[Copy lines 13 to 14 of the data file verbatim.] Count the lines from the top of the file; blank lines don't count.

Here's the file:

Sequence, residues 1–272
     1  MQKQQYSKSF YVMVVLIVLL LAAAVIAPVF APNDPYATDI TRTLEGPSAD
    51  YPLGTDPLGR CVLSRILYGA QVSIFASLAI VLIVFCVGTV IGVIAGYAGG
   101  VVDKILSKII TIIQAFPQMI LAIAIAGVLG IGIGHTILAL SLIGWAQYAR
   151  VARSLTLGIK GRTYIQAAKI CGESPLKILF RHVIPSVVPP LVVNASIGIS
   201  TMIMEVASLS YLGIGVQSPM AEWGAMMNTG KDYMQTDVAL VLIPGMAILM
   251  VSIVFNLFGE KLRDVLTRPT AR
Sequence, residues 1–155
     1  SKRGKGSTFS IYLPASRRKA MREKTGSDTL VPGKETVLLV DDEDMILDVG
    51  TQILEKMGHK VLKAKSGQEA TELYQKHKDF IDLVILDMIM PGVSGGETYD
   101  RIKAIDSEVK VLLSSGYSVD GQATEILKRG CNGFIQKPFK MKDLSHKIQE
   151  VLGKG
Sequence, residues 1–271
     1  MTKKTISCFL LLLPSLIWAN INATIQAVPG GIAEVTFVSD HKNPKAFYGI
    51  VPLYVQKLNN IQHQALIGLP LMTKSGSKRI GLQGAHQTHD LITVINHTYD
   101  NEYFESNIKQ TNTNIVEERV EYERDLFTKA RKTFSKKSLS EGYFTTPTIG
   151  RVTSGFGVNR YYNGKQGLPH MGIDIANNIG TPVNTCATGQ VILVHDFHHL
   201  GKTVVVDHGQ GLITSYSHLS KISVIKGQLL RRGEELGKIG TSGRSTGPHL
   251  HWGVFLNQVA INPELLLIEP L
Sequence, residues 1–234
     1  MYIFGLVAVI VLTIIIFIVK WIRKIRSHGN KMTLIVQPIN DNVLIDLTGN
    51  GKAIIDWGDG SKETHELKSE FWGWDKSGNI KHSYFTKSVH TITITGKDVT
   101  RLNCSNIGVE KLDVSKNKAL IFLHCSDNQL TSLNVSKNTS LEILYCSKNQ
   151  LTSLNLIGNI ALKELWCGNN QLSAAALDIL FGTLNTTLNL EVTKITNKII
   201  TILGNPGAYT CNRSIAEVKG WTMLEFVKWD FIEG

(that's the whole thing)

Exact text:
Sequence, residues 1–271
     1  MTKKTISCFL LLLPSLIWAN INATIQAVPG GIAEVTFVSD HKNPKAFYGI